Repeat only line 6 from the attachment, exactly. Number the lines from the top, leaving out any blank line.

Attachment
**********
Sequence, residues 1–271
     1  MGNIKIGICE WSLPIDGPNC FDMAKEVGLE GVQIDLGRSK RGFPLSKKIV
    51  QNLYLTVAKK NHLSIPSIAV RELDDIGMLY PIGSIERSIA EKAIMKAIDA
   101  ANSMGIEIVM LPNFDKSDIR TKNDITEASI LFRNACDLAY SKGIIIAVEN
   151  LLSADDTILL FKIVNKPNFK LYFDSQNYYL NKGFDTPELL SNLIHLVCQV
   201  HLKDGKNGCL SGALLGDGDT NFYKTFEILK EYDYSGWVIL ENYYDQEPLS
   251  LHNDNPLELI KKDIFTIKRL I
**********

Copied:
   201  HLKDGKNGCL SGALLGDGDT NFYKTFEILK EYDYSGWVIL ENYYDQEPLS